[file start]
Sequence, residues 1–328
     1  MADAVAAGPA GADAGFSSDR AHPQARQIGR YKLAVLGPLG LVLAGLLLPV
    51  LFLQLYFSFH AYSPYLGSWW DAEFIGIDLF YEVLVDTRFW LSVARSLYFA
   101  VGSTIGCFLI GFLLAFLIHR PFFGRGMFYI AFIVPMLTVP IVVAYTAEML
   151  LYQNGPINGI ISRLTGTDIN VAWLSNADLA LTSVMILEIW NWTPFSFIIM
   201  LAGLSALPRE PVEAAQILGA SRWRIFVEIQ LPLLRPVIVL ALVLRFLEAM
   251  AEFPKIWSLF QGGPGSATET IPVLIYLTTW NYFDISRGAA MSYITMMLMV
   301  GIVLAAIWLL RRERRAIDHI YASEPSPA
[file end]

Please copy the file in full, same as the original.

Sequence, residues 1–328
     1  MADAVAAGPA GADAGFSSDR AHPQARQIGR YKLAVLGPLG LVLAGLLLPV
    51  LFLQLYFSFH AYSPYLGSWW DAEFIGIDLF YEVLVDTRFW LSVARSLYFA
   101  VGSTIGCFLI GFLLAFLIHR PFFGRGMFYI AFIVPMLTVP IVVAYTAEML
   151  LYQNGPINGI ISRLTGTDIN VAWLSNADLA LTSVMILEIW NWTPFSFIIM
   201  LAGLSALPRE PVEAAQILGA SRWRIFVEIQ LPLLRPVIVL ALVLRFLEAM
   251  AEFPKIWSLF QGGPGSATET IPVLIYLTTW NYFDISRGAA MSYITMMLMV
   301  GIVLAAIWLL RRERRAIDHI YASEPSPA